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So there I was, minding my own business, just another holder of shares of Gartner Group (IT) - Get Free Report when, boom, I was struck by the dot-com bullet.

Gartner rallied some 50% last week as the company made two announcements: The first was an acquisition of

TechRepublic, an online resource and portal for technology professionals that Gartner will use to lever its core research products to a wider audience.

The somewhat more exciting news -- depending on how you look at it -- was the announcement that

Silver Lake Partners

, a high-profile venture capital fund backed by

Integral Capital Partners

, is going to invest $300 million in Gartner via a convertible bond and that Silver Lake principals Roger McNamee and Glenn Hutchins are going to join the Gartner board.

Great news ... I think?

I've bandied Gartner about in earlier columns as a

relatively cheap special situation, and then, as the shares dropped, an

absolutely cheap technology play with three main attractions: a steady core business, huge cash flow and a fast-growing consulting arm.

I was paying 20 originally for about $1.20 in earnings per share and fortunately had the stamina and the nerve to buy an awful lot of the B shares when they sank to 10. Now both classes of Gartner stock are up nearly 80% from their lows and the company expects earnings of 25 cents this year, which legitimately translates into 45 cents of cash earnings. Huh?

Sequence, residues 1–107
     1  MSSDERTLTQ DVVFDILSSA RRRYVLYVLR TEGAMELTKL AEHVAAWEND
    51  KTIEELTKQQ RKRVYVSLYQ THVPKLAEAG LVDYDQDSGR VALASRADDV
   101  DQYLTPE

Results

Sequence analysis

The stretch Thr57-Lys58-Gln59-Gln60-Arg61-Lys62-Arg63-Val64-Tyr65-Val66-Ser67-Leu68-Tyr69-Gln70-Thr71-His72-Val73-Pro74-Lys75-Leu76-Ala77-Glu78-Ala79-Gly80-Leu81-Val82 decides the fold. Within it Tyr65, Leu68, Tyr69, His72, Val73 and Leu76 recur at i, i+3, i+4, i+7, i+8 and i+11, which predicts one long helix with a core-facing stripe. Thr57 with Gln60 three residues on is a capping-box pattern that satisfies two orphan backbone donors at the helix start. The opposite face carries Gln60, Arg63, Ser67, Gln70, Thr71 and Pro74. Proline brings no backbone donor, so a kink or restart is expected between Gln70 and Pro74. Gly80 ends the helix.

Here's what bugs me a bit: Gartner took its lumps early as new CEO Mike Fleisher retooled the strategic plan, calling for upfront spending on proverbial "e-initiatives" as well as a more aggressive expansion of the small but fast-growing consulting business. That, and the pathetic mishandling by

IMS Health


of the spinoff of its stake in Gartner cratered the stock. But when the two deals were announced, the Gartner shares were in the midst of a steady rebound, partly on a technical basis and partly on steady fundamentals.